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Full Online Book HomeLong StoriesO Pioneers! - PART II - Neighboring Fields - Chapter 11
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O Pioneers! - PART II - Neighboring Fields - Chapter 11 Post by :coachlois Category :Long Stories Author :Willa Cather Date :March 2011 Read :2775

Click below to download : O Pioneers! - PART II - Neighboring Fields - Chapter 11 (Format : PDF)

O Pioneers! - PART II - Neighboring Fields - Chapter 11

Emil came home at about half-past seven o'clock that evening. Old
Ivar met him at the windmill and took his horse, and the young
man went directly into the house. He called to his sister and she
answered from her bedroom, behind the sitting-room, saying that
she was lying down.

Emil went to her door.

"Can I see you for a minute?" he asked. "I want to talk to you
about something before Carl comes."

Alexandra rose quickly and came to the door. "Where is Carl?"

"Lou and Oscar met us and said they wanted to talk to him, so he
rode over to Oscar's with them. Are you coming out?" Emil asked
impatiently.

"Yes, sit down. I'll be dressed in a moment."

Alexandra closed her door, and Emil sank down on the old slat lounge
and sat with his head in his hands. When his sister came out, he
looked up, not knowing whether the interval had been short or long,
and he was surprised to see that the room had grown quite dark.
That was just as well; it would be easier to talk if he were not
under the gaze of those clear, deliberate eyes, that saw so far in
some directions and were so blind in others. Alexandra, too, was
glad of the dusk. Her face was swollen from crying.

Emil started up and then sat down again. "Alexandra," he said
slowly, in his deep young baritone, "I don't want to go away to
law school this fall. Let me put it off another year. I want to
take a year off and look around. It's awfully easy to rush into
a profession you don't really like, and awfully hard to get out of
it. Linstrum and I have been talking about that."

"Very well, Emil. Only don't go off looking for land." She came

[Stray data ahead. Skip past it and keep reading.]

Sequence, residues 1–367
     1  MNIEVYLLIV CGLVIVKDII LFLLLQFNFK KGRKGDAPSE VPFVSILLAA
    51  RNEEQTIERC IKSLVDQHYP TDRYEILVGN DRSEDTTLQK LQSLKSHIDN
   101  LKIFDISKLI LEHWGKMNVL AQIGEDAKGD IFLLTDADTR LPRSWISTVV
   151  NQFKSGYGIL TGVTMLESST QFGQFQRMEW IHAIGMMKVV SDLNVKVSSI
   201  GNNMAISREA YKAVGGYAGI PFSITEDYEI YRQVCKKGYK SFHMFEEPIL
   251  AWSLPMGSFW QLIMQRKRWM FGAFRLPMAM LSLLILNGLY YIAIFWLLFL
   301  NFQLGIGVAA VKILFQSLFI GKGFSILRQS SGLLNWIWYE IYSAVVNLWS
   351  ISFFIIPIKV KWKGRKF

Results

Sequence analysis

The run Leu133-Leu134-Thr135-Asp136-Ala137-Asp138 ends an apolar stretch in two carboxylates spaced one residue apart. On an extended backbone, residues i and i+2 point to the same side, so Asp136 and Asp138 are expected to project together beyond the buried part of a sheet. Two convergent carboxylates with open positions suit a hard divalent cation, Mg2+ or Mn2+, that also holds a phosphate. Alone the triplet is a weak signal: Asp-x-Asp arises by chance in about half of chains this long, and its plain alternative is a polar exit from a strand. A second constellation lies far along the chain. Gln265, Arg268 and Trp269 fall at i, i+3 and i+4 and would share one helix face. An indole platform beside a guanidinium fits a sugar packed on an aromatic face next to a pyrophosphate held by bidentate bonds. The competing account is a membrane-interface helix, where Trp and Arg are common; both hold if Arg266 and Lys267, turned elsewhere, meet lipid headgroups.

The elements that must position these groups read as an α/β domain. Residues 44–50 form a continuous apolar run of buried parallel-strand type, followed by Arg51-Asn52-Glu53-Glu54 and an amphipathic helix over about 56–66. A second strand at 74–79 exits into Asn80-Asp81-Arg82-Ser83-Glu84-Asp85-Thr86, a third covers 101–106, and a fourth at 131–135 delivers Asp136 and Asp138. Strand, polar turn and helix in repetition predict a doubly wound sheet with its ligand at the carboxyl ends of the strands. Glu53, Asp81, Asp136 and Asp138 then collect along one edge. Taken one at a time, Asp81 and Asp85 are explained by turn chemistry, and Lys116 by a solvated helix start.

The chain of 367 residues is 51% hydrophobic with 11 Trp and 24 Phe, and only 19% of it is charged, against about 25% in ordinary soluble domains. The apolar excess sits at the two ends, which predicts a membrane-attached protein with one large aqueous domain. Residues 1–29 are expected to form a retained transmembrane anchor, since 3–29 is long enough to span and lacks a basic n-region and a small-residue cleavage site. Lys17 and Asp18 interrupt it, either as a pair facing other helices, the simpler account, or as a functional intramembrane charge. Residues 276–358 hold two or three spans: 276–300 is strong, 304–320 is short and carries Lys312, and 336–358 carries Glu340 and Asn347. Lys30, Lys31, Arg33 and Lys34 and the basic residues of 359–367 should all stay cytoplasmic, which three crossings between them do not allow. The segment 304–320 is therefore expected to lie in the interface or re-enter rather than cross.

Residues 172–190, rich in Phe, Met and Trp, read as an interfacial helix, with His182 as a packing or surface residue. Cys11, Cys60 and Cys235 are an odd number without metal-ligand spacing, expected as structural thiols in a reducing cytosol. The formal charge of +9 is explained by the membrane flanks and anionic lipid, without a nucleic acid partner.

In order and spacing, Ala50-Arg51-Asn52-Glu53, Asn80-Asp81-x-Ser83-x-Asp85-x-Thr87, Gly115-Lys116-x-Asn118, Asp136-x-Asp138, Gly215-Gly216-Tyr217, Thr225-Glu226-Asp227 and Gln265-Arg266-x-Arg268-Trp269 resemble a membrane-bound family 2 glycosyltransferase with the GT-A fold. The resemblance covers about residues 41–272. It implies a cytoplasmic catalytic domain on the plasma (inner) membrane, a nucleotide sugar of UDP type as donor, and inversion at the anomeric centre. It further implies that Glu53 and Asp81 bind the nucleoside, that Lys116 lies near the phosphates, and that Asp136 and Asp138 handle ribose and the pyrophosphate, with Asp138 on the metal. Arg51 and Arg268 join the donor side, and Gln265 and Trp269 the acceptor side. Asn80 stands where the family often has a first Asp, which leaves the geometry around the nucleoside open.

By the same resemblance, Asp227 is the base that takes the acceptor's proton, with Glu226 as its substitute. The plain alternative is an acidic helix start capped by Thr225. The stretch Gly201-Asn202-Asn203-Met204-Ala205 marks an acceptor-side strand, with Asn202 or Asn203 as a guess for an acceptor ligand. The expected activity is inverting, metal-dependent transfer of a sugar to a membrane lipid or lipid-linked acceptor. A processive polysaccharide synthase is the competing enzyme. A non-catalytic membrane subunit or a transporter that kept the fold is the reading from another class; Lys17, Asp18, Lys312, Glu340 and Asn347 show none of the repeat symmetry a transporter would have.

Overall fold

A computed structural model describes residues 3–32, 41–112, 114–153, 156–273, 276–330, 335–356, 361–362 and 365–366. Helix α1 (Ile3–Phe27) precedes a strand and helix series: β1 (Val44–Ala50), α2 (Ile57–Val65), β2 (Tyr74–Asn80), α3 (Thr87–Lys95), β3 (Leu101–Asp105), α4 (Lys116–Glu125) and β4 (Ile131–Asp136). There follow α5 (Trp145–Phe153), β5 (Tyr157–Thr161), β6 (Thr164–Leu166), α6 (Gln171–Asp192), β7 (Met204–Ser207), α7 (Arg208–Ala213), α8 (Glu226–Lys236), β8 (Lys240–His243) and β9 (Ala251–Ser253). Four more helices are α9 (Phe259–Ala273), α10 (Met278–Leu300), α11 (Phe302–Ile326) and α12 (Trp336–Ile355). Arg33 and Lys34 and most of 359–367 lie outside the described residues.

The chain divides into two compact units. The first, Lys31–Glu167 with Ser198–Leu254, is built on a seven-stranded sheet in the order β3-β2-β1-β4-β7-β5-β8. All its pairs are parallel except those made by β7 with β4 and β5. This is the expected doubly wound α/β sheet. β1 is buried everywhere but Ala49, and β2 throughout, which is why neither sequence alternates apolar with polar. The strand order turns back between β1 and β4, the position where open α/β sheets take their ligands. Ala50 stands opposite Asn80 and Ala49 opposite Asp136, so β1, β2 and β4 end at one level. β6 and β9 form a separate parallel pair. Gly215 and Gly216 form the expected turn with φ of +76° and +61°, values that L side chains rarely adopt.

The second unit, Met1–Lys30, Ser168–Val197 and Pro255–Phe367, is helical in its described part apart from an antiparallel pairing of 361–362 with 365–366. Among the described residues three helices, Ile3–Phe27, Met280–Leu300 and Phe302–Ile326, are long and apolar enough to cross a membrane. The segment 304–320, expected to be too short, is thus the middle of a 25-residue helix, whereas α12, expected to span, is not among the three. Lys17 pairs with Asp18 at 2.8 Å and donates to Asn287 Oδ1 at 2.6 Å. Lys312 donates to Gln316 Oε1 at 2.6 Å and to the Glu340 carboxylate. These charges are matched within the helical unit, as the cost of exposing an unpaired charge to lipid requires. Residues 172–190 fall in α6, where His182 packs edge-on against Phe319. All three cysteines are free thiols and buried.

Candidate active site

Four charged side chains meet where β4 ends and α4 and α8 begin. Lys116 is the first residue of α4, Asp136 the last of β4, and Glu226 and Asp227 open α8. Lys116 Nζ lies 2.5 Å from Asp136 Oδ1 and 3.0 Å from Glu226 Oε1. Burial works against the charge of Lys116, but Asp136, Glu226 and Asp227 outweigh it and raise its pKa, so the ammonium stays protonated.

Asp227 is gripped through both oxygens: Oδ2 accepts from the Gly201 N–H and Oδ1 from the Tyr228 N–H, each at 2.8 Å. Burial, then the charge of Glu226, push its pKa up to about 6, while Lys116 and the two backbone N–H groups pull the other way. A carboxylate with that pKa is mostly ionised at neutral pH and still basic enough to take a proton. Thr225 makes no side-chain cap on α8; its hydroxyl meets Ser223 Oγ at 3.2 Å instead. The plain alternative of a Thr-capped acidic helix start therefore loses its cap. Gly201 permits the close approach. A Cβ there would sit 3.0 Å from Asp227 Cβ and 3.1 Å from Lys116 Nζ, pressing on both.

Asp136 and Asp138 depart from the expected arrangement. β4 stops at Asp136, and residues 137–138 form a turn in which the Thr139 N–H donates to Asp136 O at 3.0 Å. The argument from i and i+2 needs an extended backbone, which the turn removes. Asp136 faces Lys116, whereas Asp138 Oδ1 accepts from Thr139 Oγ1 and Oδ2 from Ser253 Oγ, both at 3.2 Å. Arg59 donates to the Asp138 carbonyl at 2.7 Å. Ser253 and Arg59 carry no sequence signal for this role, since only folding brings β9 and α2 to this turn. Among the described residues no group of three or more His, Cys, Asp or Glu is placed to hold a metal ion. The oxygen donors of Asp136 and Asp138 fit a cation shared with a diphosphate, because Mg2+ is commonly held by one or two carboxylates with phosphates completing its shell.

up and put her hand on his shoulder. "I've been wishing you could
stay with me this winter."

"That's just what I don't want to do, Alexandra. I'm restless.
I want to go to a new place. I want to go down to the City of
Mexico to join one of the University fellows who's at the head of
an electrical plant. He wrote me he could give me a little job,
enough to pay my way, and I could look around and see what I want
to do. I want to go as soon as harvest is over. I guess Lou and
Oscar will be sore about it."

"I suppose they will." Alexandra sat down on the lounge beside
him. "They are very angry with me, Emil. We have had a quarrel.
They will not come here again."

Emil scarcely heard what she was saying; he did not notice the
sadness of her tone. He was thinking about the reckless life he
meant to live in Mexico.

"What about?" he asked absently.

"About Carl Linstrum. They are afraid I am going to marry him,
and that some of my property will get away from them."

Emil shrugged his shoulders. "What nonsense!" he murmured. "Just
like them."

Alexandra drew back. "Why nonsense, Emil?"

"Why, you've never thought of such a thing, have you? They always
have to have something to fuss about."

"Emil," said his sister slowly, "you ought not to take things for
granted. Do you agree with them that I have no right to change my
way of living?"

Emil looked at the outline of his sister's head in the dim light.
They were sitting close together and he somehow felt that she
could hear his thoughts. He was silent for a moment, and then said
in an embarrassed tone, "Why, no, certainly not. You ought to do
whatever you want to. I'll always back you."

"But it would seem a little bit ridiculous to you if I married
Carl?"

Emil fidgeted. The issue seemed to him too far-fetched to warrant
discussion. "Why, no. I should be surprised if you wanted to. I
can't see exactly why. But that's none of my business. You ought
to do as you please. Certainly you ought not to pay any attention
to what the boys say."

Alexandra sighed. "I had hoped you might understand, a little,
why I do want to. But I suppose that's too much to expect. I've
had a pretty lonely life, Emil. Besides Marie, Carl is the only
friend I have ever had."